Japanese knotweed (Fallopia japonica)
Japanese knotweed does not produce seeds and spreads from cuttings of rhizome and plant stem. A finger nail piece of plant material is all that is needed for a new plant to grow. Because of this it is essential that Japanese knotweed is controlled correctly.
- Never throw away or fly tip plant material or soil – under the Wildlife and Countryside Act 1981, it is an offence “to plant or otherwise encourage in the wild” the growth of Japanese knotweed
- Avoid strimming, flailing, mowing or chipping Japanese knotweed – pieces of stem as small as a fingernail can grow into new plants
- Scottish Environment Protection Agency (SEPA) must be contacted before using chemicals in or near water.
- Removal of plant material off site must be undertaken by a licenced carrier.
- Report Japanese knotweed to firstname.lastname@example.org
Key ID Features
Purple speckled stems
Regular nodes (like bamboo)
Creamy clusters of flowers (Aug to Oct)
Ability to grow through weaknesses in concrete and asphalt
Large shield shaped leaves - can grow up to 120mm long
Flat at base of leaf
- Spraying with a commercial glyphosate-based chemical is effective on Japanese knotweed. Spraying needs to take place at least twice during the growing season, once the plant is fully in leaf but before flowering. Over a period of 5 to 7 years the plant will be controlled although eradication is unlikely. The area needs to be checked annually to treat small areas that may have re-sprouted.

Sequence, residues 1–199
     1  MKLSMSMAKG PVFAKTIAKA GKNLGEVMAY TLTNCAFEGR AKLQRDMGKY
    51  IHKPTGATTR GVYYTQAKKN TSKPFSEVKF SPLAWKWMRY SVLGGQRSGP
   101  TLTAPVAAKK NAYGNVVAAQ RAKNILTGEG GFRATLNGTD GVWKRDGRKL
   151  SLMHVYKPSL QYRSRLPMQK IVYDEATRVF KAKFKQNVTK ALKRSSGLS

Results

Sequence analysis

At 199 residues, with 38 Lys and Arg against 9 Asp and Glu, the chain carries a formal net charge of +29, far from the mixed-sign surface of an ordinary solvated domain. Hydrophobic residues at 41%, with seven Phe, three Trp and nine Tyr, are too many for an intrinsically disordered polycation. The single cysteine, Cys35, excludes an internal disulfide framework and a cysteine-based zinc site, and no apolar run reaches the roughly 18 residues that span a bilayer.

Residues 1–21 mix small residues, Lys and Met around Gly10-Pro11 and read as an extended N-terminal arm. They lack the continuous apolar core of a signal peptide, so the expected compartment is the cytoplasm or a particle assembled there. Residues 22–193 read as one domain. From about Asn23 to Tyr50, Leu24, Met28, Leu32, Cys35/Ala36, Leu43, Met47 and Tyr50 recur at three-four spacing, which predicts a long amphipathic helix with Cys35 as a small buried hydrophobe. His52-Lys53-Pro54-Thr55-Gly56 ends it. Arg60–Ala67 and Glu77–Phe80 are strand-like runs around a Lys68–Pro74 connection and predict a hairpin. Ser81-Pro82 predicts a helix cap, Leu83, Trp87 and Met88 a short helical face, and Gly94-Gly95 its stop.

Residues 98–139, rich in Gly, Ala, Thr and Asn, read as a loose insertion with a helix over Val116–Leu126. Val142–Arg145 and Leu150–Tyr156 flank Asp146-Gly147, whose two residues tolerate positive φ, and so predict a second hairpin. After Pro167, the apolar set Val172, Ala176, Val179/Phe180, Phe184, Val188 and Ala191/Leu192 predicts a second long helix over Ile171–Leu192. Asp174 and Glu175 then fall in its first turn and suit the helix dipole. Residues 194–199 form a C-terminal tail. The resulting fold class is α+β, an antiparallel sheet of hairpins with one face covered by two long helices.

- Injecting the plant with a stem injection unit is very effective and can reduce the plant in size by as much as 95% in one year. This works by injecting a measured dose of herbicide into each cane of the Japanese knotweed infestation which allows the herbicide to translocate throughout the roots and rhizome of the plant.
- Grazing will suppress growth but cannot completely eradicate the plant.
Best Methods of Control
Do's & Don'ts